The second part of the sentence examines the ministries' responsibilities in obstructing investigations to ascertain the truth about the crash. The plaintiffs claimed damages due to the "concrete" obstruction of investigations by members of the Italian air force "from the first phases subsequent to the disaster, then throughout the penal procedure", which made it impossible to identify the culprits who have gone unpunished. Their claim is two-fold: on the one hand they have been unable to claim damages from the unknown individuals who materially caused the disaster; on the other, they seek redress for the existential and emotional distress caused by their 30-year ordeal. In analysing conducts deemed to have had the aim of covering up the causes for the crash, judge Proto Pisani relies on the 1999 findings by judge Rosario Priore, which identified a number of shortcomings and omissions by member of the air force, including a failure to inform political and judicial authorities about "the presence of US military traffic, the search for US aircraft as of 27 June 1980, the hypothesis of an explosion involving the aircraft and the results of the analysis of the Fiumicino/Ciampino [airports in Rome] radar tracking", as well as the surfacing of facts that are incompatible with the reported crash of a Libyan Mig aircraft in the Sila [a highland region in Calabria] on the morning of 18 July 1980, with the air force high command misusing their position to misinform political authorities by claiming that there were no other aeroplanes involved and that they did not have access to the Fiumicino/Ciampino radar tracking data. Further alleged shortcomings included aiding and abetting, providing false testimony and false documentation, misuse of public office, "veritable side-tracking of investigations", suppression of public acts concerning radar tracking, failure to safekeep public documents and holding back information from the judicial authorities. Without requiring an in-depth examination of these allegations, the judge deems that "for the purpose of recognising the responsibility in question, it suffices to take into account the failure to supply all the documentation available at the time of the crash regarding radar data concerning the DC9's flight from start to finish to the judicial authority", and the destruction of such data. These acts, both passive and active, obstructed the investigation into the causes for the crash, and this is an element of "serious guilt" in a case involving the death of 81 people.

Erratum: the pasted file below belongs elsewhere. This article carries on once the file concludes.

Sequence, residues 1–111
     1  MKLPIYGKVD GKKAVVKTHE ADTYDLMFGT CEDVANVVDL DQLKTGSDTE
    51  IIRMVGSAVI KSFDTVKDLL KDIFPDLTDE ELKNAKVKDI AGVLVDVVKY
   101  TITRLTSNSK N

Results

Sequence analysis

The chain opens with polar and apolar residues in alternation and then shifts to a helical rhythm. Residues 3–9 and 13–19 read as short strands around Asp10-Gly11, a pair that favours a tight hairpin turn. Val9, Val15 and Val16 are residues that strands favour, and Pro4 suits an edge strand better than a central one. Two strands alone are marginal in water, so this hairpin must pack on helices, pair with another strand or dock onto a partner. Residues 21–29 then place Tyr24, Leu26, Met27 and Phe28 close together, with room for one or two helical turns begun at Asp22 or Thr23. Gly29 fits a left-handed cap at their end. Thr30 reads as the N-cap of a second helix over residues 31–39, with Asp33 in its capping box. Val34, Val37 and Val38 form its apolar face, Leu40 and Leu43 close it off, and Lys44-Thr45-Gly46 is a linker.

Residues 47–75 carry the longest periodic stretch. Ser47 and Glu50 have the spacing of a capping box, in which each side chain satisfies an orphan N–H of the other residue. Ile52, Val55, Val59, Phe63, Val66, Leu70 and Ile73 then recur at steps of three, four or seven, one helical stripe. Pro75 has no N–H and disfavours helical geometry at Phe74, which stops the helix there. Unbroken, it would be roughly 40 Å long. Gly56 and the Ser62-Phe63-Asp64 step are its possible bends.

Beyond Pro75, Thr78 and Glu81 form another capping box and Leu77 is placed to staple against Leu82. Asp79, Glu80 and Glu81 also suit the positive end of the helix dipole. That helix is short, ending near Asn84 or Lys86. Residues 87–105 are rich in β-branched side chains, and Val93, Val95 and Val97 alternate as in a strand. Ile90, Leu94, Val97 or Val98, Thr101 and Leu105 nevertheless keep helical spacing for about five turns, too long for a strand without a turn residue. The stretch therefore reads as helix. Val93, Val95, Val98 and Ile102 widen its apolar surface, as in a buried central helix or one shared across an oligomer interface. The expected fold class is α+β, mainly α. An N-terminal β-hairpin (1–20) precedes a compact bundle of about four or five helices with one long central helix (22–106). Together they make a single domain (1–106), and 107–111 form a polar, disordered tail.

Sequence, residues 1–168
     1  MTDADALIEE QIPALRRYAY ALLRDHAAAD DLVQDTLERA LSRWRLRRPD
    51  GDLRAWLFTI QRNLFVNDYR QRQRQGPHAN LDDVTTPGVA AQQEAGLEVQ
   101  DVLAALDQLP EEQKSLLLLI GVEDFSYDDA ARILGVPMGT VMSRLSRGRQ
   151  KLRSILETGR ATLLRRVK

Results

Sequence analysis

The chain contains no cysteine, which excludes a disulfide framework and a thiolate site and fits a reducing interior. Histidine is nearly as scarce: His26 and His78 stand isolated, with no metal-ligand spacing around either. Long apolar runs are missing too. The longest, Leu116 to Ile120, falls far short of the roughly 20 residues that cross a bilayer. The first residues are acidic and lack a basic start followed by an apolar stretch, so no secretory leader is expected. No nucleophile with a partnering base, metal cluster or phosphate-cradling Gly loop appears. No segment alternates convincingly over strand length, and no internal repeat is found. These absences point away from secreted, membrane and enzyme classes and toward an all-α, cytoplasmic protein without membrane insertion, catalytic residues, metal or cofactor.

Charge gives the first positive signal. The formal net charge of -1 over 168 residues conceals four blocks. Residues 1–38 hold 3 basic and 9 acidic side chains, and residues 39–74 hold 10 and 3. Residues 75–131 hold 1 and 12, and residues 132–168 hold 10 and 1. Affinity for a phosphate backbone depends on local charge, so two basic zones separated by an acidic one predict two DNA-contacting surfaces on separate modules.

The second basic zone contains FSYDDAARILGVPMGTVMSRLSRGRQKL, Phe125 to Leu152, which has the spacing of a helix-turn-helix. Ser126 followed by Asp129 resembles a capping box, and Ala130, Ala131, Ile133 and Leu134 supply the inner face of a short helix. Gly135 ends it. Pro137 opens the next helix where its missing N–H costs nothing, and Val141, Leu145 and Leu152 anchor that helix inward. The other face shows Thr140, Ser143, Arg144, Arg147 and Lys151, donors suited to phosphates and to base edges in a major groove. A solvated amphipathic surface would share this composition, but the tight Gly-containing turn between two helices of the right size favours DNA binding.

Daria Bonfietti, president of the Ustica victims' relatives association and a senator for the opposition Partito Democratico (PD), welcomed the ruling arguing that its importance stems from the fact that "it confirms the reconstruction of the crash by judge Rosario Priore and recognises the validity of the sentence in the first trial (overturned in subsequent judgements) of the penal proceedings. It is not the amount that is important but rather, what this sentence recognises. Today, it is reasserted that the aeroplane was shot down in an episode of aerial warfare, and the responsibility of the two ministries is reasserted in a civil court as well: they did not watch over the safety of civilian flights and they hid the truth with the subsequent cover-ups". Under-secretary of state Carlo Giovanardi was highly critical, announcing an appeal against the sentence by the government and arguing that "The sentence of the Palermo civil court, on the basis of what the reasons for it appear to be, contrasts entirely with the sentence of the Court of Cassation, which is final, and with the other sentences of the Rome civil court".

He added that "It has now been ascertained on the basis of the official documentation acquired from NATO that there was not any other aeroplane in flight that night close to the Itavia DC9, while the international experts' commission headed by Aurelio Misiti unanimously concluded, after the relic was recovered, that a bomb had exploded in a toilet on board. It will be interesting to know on the basis of what documents, unknown to the Italian government and the [Court of] Cassation, the Palermo civil court has drawn its conclusions that, naturally, will have to be examined in the subsequent levels of judgement". In the explanation of the sentence published on 21 September 2011, judge Proto Pisani explained that the material examined was the same as that which was available in penal proceedings, yet she assessed it on the basis of the different burden of proof applicable in a civil trial and its autonomy from penal proceedings.
This is the third sentence that grants compensation to the victims' relatives; the first one, on 30 May 2007, had decreed that around 15 plaintiffs should receive 980,000 euros, whereas the second one, in June 2010, increased the amount due to 1 million and 390,000 euros. The ruling notes the court's reliance on evidence from the ordnance/sentence of 1999 to reach its conclusion.

Sources

Sentenza, Tribunale di Palermo, Sezione III Civile
, 10.9.11.

Comprehensive documentation on the Ustica case and trials, including past judgements and expert reports

Corriere della Sera, 12.9.11; Repubblica, 12-13, 21.9.11.